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regular-article-logo Monday, 04 March 2024

Bigger role: Editorial on how PM Narendra Modi can step in to end the war in Gaza

His government routinely insists that Mr Modi is among the world’s most respected leaders and that India’s global stature has grown under him. Now is the time for him to prove that

The Editorial Board Published 17.10.23, 06:38 AM
PM Narendra Modi

PM Narendra Modi File Photo

As the death and the devastation from Israel’s bombardment of Gaza continue to mount, the global diplomatic community is beginning to swing into action. The United States of America’s secretary of state, Antony Blinken, is in the Middle East, meeting multiple regional leaders; the European Commission’s boss, Ursula von der Leyen, has visited Israel; some reports suggest that the US president, Joe Biden, might travel to Israel soon. Amid all this, India has largely kept its distance. Narendra Modi condemned the Hamas attacks on Israel, decrying them as acts of terrorism. After several days, the ministry of external affairs added its condemnation of the attack while emphasising that India remains committed to a two-state solution. New Delhi’s largely hands-off approach is perhaps driven by a desire to not take the geopolitical risk of taking a strong stance on a conflict that multiple world powers have failed to resolve for 75 years. But this is a mistaken strategy.

Unlike Russia’s war on Ukraine, where too New Delhi has attempted to sit on the sidelines, the Israel-Hamas war has more direct and serious consequences for India. If Israel’s bombardment continues unabated, and if it invades Gaza with ground troops, it is likely that Iran-backed groups in the region — such as the Lebanon-based Hezbollah — that draw their legitimacy in large part from their support for the Palestinian cause will feel compelled to join the conflict. And if the war expands, the nearly eight million Indians living in the Middle East could be directly affected. With the US moving its naval forces near Israel, the prospects of the conflagration extending to the seas cannot be dismissed. If shipping lanes, including the Suez Canal, are impacted, trade will take a hit, oil prices will rise, and inflation, still above 5% in India, will soar. The religious overtones of the current conflict, coupled with the Islamophobia that supporters of Mr Modi’s government peddle, could also add to the divisive rhetoric in India which the country must stay wary of ahead of the Lok Sabha elections.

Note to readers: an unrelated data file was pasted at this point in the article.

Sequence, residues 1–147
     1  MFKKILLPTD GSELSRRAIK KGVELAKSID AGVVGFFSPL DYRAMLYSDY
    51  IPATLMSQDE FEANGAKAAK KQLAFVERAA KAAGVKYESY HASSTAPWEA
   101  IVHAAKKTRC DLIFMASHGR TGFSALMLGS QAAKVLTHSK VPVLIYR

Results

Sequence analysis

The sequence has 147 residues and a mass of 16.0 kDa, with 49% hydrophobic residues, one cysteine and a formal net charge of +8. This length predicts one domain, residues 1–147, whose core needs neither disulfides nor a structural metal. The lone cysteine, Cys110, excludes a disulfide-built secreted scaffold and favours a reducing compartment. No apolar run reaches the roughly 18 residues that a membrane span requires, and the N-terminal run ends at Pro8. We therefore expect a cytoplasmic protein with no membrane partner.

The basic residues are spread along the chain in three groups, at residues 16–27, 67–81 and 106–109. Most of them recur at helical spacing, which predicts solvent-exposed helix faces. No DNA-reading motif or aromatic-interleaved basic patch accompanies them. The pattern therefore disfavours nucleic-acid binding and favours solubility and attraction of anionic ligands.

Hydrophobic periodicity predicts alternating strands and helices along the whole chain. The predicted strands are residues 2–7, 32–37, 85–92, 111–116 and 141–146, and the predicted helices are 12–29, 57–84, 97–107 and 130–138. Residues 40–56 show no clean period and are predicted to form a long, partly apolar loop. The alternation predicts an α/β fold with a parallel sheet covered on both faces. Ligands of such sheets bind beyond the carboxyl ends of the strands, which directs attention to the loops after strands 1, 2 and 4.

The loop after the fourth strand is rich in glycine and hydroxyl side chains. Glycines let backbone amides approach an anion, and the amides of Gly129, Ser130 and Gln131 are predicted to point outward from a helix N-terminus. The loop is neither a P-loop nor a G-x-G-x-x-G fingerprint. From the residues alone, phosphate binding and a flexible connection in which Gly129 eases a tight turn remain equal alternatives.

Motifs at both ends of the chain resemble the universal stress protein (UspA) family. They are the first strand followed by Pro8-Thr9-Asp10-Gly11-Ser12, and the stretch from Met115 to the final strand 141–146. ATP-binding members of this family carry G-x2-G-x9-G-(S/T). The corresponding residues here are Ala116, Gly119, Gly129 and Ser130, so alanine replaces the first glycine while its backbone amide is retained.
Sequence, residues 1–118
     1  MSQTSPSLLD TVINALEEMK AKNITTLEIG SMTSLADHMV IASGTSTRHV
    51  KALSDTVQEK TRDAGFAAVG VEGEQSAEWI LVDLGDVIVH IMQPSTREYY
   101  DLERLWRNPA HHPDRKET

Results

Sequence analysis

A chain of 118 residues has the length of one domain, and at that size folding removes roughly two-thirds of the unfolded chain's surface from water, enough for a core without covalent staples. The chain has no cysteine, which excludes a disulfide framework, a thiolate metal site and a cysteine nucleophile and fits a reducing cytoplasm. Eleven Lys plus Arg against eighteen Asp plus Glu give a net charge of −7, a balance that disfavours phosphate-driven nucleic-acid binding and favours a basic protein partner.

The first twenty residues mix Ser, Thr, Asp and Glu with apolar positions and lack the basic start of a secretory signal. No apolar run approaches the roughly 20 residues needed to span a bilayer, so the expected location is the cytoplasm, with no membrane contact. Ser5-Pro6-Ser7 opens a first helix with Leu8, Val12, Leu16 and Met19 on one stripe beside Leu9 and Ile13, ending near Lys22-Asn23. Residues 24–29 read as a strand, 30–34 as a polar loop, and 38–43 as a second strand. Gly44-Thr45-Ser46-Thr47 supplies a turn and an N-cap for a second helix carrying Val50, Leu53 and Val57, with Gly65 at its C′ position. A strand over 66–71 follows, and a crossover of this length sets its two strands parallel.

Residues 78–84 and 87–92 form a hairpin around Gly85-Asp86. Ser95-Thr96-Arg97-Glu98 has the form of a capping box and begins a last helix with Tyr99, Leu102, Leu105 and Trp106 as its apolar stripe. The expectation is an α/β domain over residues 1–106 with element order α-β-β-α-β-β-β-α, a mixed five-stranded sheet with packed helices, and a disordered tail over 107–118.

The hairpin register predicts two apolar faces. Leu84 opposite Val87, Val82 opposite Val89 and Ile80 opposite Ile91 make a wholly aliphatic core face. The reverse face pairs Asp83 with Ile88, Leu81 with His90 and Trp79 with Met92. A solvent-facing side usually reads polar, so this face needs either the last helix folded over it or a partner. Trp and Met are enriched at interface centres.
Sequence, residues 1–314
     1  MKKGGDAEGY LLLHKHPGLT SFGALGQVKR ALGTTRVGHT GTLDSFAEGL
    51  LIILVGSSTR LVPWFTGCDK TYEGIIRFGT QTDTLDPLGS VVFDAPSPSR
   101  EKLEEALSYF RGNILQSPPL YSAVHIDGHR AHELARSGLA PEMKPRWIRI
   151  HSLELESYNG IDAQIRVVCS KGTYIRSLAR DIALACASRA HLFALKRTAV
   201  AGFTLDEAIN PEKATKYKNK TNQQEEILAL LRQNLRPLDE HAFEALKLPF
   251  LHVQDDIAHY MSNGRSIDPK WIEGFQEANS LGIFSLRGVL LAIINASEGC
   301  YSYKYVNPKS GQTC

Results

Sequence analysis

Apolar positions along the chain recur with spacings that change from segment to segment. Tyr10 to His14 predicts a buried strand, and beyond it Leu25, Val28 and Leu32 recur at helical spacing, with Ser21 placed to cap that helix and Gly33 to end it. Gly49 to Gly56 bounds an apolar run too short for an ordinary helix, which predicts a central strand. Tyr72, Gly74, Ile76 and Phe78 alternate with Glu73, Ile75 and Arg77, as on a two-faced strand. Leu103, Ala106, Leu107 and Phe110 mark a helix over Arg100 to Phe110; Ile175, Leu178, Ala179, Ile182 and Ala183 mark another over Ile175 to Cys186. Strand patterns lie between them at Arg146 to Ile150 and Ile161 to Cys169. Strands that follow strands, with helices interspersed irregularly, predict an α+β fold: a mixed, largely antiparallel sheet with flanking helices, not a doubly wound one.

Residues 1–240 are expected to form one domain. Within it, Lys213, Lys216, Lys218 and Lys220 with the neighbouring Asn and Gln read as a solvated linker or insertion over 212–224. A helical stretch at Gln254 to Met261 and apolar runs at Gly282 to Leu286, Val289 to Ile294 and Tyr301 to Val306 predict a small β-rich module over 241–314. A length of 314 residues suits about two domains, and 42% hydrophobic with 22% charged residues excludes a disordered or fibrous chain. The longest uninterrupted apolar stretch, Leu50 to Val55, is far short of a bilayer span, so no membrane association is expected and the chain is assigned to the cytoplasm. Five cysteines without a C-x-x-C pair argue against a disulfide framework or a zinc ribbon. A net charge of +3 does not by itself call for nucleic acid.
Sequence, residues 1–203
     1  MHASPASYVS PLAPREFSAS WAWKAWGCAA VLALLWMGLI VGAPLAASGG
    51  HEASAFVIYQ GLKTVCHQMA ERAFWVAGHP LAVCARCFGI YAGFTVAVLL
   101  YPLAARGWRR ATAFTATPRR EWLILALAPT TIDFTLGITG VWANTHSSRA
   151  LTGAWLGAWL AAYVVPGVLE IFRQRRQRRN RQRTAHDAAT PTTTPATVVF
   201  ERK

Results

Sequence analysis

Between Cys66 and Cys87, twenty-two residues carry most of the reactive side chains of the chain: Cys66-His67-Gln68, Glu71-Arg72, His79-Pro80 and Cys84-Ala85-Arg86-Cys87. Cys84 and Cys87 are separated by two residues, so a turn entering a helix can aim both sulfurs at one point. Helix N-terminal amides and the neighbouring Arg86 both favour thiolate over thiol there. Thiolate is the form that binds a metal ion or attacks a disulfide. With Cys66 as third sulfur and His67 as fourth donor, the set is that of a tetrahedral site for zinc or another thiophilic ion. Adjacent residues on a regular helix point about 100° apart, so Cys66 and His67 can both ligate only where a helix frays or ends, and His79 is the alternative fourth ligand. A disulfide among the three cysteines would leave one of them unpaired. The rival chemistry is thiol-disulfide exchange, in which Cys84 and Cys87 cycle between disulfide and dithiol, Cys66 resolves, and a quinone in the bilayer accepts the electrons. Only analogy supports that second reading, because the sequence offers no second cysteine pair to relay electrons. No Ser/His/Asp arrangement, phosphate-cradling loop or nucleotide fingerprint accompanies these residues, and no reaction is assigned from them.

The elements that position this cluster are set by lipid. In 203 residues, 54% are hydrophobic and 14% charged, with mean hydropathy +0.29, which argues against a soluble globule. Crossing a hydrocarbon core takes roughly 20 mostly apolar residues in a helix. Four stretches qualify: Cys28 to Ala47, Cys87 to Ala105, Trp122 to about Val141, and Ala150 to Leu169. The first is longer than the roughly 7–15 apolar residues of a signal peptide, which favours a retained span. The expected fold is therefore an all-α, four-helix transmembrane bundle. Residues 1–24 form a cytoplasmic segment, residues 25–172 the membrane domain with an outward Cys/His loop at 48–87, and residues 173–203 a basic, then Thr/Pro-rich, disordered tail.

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But there is another reason why India can and must take a more proactive role in trying to end the war on Gaza. Mr Modi is a rare head of government who counts both the Israeli prime minister, Benjamin Netanyahu, and the most powerful Arab leaders, such as Saudi Arabia’s crown prince, Mohammed bin Salman, and the United Arab Emirates’ president, Mohammed bin Zayed, as good friends. Mr Modi must use his influence to seek dialogue. His government routinely insists that Mr Modi is among the world’s most respected leaders and that India’s global stature has grown under him. Now is the time for him to prove that.

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